Batik of Java: poetics and politics

At last I am back to publish a new post- much has been progressed with the exhibition.  On Saturday 14 November we hosted a lunch for all those involved directly in the project.  This enabled the curator, Dr Maria Friend to meet with contemporary artist Dadang Christanto; arts writer Yuliana Kusumastuti (Nana); gallery director representing Dadang's work, Jan Manton and Trevor; the Director of the organising gallery, John Waldron; the tour manager, Nina Shadforth and the collectors, Greg Roberts and Ian Reed.  Four hours later much had been discussed and the project is flying.

Post lunch and on into the night Maria one-by-one unrolled each batik in order to make notes and as a result of holding and seeing the collection first hand, made adjustments to the grouping of the batiks for the exhibition's layout.  On the Wednesday before the lunch, an initial layout was developed by Maria at the Caloundra Regional Art Gallery.  This process was wonderful to observe.  Also discussions took place regarding the hanging support system for the batiks and the format the catalogue may take.  Nina's outstanding organisation made this day a great success.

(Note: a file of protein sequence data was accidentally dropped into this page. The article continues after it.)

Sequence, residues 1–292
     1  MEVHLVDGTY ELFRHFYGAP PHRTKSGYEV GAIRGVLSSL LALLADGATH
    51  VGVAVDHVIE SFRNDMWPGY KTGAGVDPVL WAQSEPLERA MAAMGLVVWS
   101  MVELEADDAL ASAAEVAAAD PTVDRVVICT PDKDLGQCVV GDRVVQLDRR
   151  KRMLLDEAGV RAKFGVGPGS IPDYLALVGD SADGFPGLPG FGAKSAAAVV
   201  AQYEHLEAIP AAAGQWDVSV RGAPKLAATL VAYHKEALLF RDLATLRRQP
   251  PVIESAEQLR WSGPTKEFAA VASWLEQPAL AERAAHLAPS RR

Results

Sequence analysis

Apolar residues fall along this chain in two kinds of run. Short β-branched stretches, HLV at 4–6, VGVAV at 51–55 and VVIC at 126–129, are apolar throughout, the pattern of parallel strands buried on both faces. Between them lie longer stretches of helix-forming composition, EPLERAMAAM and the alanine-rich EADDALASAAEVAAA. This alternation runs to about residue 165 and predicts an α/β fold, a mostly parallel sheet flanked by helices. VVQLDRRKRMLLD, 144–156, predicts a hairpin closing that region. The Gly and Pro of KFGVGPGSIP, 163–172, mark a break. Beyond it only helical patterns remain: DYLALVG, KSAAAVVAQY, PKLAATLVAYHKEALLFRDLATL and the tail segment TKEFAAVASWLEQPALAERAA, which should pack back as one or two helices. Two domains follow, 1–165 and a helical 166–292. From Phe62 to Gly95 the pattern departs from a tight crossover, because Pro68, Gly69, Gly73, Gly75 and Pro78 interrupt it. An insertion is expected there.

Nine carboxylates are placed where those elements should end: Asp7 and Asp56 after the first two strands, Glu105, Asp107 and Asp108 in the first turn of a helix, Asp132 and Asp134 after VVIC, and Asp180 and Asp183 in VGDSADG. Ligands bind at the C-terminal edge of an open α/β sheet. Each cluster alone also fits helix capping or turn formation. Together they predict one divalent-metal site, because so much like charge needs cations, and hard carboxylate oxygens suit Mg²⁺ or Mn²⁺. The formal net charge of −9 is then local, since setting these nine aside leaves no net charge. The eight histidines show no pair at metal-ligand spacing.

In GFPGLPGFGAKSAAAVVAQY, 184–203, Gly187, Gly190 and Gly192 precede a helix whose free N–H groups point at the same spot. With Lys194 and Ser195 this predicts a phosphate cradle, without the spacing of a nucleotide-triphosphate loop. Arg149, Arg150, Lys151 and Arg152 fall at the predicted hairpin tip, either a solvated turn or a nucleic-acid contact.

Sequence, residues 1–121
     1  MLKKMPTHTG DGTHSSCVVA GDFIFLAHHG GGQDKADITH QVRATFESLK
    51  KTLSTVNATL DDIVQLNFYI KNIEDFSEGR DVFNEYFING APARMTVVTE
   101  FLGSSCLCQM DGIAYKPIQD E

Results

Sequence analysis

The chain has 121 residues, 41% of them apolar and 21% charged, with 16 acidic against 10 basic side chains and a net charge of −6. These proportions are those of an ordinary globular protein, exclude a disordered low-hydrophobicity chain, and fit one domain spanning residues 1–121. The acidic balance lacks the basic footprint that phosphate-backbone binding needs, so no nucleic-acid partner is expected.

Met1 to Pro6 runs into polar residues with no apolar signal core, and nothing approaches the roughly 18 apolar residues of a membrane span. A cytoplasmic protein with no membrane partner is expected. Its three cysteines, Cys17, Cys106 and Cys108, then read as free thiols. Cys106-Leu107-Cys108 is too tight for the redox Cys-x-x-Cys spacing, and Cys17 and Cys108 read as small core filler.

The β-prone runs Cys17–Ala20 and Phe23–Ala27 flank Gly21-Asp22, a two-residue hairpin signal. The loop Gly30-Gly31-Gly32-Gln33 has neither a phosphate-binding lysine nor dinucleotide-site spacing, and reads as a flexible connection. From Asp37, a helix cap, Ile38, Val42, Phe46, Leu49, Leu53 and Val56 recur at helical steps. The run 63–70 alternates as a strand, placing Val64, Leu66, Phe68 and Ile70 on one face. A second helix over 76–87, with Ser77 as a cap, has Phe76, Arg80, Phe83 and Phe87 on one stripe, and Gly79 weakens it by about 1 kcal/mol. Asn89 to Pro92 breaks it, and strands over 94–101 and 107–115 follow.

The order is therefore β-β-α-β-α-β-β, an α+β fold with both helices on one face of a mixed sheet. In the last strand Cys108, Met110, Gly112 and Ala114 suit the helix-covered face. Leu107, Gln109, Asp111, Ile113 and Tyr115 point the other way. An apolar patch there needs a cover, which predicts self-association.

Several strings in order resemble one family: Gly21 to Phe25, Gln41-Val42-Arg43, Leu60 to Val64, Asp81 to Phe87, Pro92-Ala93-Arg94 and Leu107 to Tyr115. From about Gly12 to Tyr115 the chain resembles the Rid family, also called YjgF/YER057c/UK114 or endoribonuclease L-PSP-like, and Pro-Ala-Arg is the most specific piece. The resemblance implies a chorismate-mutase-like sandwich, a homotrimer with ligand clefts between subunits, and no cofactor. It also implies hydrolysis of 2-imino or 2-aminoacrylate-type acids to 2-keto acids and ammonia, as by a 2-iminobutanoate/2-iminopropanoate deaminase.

This fine, high quality skirt cloth [kain panjang] from Lasem was produced by entrepreneurs of Chinese descent and executed by the very best batikers.  It is a late 19th/early 20th century art work.

Kain panjangs with differently coloured tumpal at each end and borders on each side were favourites in Jambi, Sumatra.  The tumpal on one end is dark, for use in the evenings and the other end is bright for use during the day.  The tumpal or head on Lasem batik is usually in the form of the Pucuk Rebung (bamboo shoot), in the form of a row of triangles filled in with several different Chinese motifs such as banji, kilin, phoenix and butterflies.  The borders (pinggir), are rich in decorative details.  These minor decorations of small fauna and flora motifs and isen add value to the batik, enhancing its price.

The deminsions of this kain panjang is 107.5 x 279.0 cm.

Apology: in my second blog I indicated the age of the kain panjang pagi sore from Pekalongan, Java, as early 20th century when it should have been 1940s.


  1. Hi there,

    We're from Indohoy. Just wanted to reply but didn't know where to email:

    Sorry, but we didn't get your name.

    What I remembered and did not put in the website was in Kuningan, there is a certain type of pattern that I've never seen before. While most know the broken machete or 'parang rusak', in Kuningan we found the Kujang rusak. It was a pattern with a lot of kujangs lined up.

    I find that very interesting, and shows that the Sundanese also a lot of pride for their traditional weapon. What I might add also is that you don't see this pattern often, but during the local event, most of the local people will wear this pattern. Something to look at ;)

  2. Good story. Anda to complate the information, please klik or .Thanks.

  3. I'm very frequent reader of your blog. I like your articles in which you share information with us.


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